Several months ago, I shared my recovery story with a young lady. She was struggling to overcome a devastating addiction that was beginning to wreak havoc on her health and life. Sitting in a chair across from me, her body crumpled in defeat with a mix of anguish and envy, she asked, “How did you do it? How did you quit?” I took a moment to breathe and think through my words. How could I answer such a complex question? It was then that I realized recovery is a community effort.
There was no short answer, but I knew she needed one, so I gave her the only one I knew: “I didn’t do it alone.” Her eyes looked up from her clenched fingers, and while tears stained her puffy cheeks, I saw a glimmer of hope. She didn’t have to do it alone, and that gave her power. Recovering from an addiction takes strength, but there were times when I lost my strength beneath my emotions. It was in my weakest moments that I felt arms of support lift me up and carry me when I no longer could. Support networks come in many forms, but having community support can be the helping hand to get you through the tough times.
When I began the recovery process, I felt alone and didn’t realize recovery is a community effort. My poor choices hurt many of the people I loved, and felt scared to ask for their help early on. Seeking out private groups through Facebook, Twitter, and other social networks is a way to meet people who are in a similar situation. You can feel comfortable talking to them with the knowledge that judgments and biases are set aside. Connecting with people online opens an entire pool of resources and information. An online friend might know about a group meeting in your area or can point you in the direction of positive blogs, stories, and forums.
AA, NA, and Non-Denominational Groups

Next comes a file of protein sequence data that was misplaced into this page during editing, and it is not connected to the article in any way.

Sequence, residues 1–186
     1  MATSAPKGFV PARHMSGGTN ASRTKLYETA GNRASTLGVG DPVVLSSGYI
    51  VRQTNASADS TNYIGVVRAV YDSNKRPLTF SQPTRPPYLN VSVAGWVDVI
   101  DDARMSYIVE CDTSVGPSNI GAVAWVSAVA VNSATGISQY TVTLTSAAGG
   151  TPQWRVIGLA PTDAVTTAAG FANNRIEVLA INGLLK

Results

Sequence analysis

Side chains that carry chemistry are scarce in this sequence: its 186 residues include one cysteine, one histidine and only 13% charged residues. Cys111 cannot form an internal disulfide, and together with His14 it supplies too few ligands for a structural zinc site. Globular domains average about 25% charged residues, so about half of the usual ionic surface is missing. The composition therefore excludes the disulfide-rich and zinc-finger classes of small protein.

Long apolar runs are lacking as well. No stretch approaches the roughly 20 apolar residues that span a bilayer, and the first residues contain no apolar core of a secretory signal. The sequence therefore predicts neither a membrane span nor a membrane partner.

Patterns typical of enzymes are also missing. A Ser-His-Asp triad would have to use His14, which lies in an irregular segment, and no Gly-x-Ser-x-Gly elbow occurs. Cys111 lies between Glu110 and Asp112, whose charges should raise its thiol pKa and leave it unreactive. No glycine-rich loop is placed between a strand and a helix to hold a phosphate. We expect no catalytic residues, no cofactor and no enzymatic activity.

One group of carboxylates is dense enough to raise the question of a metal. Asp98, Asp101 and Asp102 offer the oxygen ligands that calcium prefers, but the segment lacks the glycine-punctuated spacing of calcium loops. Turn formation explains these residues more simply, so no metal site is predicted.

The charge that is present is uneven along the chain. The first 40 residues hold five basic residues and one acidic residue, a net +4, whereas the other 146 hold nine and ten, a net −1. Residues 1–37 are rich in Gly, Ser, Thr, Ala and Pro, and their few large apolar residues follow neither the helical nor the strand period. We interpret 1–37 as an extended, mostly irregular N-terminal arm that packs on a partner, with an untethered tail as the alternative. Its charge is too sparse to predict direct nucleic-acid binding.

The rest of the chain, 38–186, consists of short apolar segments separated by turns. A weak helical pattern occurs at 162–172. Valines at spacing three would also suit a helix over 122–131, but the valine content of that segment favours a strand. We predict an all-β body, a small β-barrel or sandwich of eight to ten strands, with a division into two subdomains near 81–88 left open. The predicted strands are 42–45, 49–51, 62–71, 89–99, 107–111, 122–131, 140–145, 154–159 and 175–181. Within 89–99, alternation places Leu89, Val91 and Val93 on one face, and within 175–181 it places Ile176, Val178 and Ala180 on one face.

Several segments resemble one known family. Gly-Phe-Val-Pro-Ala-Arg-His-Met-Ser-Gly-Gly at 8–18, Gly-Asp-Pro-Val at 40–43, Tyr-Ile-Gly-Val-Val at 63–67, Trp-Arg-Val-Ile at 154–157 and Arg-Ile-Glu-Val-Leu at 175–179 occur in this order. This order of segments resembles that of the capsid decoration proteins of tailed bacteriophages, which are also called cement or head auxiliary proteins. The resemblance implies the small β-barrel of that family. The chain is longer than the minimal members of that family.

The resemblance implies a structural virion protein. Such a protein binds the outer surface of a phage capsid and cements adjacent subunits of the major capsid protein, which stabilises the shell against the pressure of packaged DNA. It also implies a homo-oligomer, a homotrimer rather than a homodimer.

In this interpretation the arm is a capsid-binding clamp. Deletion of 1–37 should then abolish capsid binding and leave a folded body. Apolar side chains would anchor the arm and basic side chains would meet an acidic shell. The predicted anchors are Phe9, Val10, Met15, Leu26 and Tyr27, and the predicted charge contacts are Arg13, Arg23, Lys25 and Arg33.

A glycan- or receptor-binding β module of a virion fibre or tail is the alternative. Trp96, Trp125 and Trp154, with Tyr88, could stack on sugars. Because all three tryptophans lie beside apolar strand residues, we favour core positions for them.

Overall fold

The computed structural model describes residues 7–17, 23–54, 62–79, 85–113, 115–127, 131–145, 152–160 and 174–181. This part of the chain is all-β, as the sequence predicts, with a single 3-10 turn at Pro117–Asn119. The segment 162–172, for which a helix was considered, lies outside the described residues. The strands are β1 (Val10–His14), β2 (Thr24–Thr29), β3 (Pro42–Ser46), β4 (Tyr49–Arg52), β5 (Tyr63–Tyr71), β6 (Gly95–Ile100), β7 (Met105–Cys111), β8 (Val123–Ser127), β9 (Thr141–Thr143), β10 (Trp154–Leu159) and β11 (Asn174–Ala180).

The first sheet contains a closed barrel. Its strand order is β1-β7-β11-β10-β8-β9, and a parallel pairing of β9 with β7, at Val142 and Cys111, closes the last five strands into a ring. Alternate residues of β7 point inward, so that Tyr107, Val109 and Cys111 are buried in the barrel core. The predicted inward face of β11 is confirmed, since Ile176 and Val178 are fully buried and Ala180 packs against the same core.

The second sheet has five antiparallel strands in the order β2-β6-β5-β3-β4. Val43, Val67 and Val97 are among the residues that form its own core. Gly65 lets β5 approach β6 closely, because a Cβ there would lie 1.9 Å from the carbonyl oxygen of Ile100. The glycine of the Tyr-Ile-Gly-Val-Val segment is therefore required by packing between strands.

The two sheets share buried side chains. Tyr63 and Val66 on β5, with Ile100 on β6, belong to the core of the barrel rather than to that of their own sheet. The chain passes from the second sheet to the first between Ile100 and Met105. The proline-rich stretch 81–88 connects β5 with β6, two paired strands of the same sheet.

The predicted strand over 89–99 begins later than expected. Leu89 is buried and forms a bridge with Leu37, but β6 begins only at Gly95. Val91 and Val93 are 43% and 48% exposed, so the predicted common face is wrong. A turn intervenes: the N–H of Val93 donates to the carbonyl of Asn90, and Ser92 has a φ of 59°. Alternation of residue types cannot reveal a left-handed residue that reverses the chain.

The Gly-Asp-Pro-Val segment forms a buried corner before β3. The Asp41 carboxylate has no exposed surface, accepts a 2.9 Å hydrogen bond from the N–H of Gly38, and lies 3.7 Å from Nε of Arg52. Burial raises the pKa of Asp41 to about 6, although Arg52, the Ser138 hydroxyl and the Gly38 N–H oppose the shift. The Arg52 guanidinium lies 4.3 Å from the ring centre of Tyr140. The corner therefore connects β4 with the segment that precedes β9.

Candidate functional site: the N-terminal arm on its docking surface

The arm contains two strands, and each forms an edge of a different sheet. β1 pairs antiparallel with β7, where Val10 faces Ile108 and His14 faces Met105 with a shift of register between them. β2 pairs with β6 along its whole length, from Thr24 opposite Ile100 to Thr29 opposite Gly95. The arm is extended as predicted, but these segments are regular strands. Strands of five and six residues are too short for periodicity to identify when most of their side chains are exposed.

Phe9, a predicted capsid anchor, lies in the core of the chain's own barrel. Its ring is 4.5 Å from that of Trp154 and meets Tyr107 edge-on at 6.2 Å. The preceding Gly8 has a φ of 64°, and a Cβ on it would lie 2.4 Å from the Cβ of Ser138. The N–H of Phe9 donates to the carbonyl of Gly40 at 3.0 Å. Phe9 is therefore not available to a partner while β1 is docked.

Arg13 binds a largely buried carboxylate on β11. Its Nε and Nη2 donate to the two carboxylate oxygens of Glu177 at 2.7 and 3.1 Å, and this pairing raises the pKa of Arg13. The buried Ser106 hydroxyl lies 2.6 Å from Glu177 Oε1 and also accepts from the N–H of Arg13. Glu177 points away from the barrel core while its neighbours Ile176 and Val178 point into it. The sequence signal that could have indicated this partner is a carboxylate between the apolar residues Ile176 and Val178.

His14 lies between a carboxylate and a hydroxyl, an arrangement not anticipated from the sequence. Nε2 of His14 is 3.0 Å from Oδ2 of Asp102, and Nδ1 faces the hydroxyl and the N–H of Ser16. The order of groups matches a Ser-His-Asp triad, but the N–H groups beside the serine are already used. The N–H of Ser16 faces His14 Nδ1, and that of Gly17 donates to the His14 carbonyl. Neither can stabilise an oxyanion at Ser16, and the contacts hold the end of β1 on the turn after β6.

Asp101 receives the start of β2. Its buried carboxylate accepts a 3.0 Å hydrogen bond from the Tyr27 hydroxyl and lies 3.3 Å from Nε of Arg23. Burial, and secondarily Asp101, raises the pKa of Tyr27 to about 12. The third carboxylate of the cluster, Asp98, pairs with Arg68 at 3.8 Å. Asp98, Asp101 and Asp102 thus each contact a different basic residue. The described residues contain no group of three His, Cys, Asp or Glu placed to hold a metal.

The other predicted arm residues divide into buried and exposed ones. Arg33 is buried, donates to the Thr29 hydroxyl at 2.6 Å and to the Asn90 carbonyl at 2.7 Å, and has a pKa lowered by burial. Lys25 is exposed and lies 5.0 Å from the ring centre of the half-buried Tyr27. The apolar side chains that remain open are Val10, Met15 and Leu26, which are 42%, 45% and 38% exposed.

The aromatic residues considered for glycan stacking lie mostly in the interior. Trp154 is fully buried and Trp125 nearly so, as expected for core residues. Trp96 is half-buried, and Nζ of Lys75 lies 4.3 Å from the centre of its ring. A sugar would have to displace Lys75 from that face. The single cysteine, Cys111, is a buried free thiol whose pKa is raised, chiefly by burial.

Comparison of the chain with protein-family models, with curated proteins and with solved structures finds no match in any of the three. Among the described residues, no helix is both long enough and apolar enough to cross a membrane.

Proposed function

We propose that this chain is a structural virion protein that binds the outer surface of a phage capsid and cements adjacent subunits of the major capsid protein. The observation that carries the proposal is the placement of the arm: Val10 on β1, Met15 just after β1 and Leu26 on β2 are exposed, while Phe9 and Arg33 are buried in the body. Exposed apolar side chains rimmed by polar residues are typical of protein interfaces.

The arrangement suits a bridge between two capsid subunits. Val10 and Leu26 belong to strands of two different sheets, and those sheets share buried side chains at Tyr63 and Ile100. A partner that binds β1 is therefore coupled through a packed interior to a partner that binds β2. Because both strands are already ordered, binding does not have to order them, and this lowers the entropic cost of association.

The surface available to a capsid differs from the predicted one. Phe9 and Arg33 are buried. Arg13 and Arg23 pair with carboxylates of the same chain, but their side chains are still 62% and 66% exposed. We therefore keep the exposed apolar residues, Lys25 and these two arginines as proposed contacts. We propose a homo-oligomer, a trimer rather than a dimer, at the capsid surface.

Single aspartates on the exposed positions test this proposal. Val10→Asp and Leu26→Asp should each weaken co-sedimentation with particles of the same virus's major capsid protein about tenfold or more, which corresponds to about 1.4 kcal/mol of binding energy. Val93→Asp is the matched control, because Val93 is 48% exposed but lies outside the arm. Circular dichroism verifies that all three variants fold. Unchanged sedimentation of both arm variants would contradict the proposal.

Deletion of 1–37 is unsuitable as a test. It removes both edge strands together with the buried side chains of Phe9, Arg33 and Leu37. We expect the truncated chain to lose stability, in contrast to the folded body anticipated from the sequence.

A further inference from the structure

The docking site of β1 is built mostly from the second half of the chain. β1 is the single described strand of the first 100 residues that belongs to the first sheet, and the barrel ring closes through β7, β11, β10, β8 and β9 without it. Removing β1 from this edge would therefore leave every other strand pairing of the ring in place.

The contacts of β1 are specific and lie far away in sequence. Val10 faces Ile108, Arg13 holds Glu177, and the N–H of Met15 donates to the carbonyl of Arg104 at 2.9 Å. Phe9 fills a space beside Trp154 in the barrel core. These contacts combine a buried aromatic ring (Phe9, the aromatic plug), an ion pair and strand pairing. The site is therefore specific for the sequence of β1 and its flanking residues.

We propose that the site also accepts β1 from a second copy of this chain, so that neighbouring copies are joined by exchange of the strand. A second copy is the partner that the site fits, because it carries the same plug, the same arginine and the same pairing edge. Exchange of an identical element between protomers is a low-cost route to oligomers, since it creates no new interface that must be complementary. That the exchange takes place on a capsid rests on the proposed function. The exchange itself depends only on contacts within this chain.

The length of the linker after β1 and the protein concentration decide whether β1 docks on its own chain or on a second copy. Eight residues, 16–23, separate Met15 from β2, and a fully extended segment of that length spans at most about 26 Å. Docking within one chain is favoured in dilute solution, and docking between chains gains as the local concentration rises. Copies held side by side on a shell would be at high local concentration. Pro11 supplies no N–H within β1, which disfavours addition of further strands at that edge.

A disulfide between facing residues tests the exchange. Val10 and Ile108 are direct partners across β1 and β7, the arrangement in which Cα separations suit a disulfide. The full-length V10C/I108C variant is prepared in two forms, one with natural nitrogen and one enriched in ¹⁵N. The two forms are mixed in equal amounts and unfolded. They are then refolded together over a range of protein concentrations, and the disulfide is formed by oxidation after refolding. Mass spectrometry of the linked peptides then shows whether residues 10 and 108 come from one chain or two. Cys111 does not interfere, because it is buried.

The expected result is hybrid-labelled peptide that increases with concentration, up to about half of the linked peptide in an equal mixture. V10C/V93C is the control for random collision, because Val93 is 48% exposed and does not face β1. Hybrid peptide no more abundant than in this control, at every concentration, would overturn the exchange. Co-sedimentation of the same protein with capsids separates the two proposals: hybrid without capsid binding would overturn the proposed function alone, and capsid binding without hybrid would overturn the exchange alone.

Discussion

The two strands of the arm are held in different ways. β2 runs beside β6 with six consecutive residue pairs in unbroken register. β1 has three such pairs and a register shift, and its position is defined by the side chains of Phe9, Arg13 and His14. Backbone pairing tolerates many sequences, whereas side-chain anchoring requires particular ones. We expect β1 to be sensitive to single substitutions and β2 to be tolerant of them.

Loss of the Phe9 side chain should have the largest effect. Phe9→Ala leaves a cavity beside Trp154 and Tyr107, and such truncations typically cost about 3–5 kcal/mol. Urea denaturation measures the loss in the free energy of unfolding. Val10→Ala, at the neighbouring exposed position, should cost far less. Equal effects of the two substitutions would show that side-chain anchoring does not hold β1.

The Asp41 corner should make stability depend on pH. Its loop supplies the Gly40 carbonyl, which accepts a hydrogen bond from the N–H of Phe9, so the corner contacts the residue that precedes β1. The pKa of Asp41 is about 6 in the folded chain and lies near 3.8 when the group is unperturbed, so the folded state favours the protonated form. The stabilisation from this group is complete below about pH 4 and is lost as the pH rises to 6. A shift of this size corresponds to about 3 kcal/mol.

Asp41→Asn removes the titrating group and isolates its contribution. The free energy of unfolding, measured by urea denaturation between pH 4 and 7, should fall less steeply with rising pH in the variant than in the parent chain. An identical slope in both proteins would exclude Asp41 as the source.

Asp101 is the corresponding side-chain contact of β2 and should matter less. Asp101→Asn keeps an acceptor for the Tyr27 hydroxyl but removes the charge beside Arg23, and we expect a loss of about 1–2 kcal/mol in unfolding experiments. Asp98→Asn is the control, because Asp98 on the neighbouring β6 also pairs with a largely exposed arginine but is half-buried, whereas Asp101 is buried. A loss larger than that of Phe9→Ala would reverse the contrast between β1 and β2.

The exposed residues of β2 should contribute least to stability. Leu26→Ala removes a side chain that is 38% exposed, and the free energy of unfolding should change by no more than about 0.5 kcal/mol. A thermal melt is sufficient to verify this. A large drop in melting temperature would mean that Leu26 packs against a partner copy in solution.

One of the most popular and well-known recovery groups is AA. It is a place where you can begin the recovery process, feel inspired, and find support. There are many other community groups that are aimed at specific addictions, so you can find the group that fits your needs. Community groups can offer so much more than a listening ear; they offer support, bountiful resources, friendship, role models, and opportunities to serve.
The first time I attended a meeting, I was struck by the various stages of recovery. Everyone was in a different moment, and I couldn’t help but feel sincere awe at the few who had gone months or even years without a relapse. It motivated me. I wanted to be like them; I wanted to inspire. Soon, my days turned into weeks, then months, and eventually years. I had made it, and I now had the opportunity to use my experience to help others.
Family and Friends
It was hard for me to face my family and admit my wrongs, but it was also a healing experience for us all. At first, I could see the doubt in my friends’ and family’s eyes; they weren’t ready to trust me quite yet. With time, they grew excited about my changes, and they were eager to be there for me every minute of every day.
There were times when I was sure that a relapse was feared by them more than me. They wanted me back, and they would do what it took to get the old me. It was their positive attitudes that kept me straight, and I will always be in their debt. There is no doubt in my mind that recovery is a community effort.
Recovery Is a Community Effort At Morningside Recovery
At Morningside Recovery, everyone in the facility is part of a community with the goal of helping each other achieve recovery. Our addiction therapy services, addiction treatment services, and mental health rehab all reinforce the ideal that recovery is a community effort. To learn more about our facility and programs, call us today at 855-416-8202.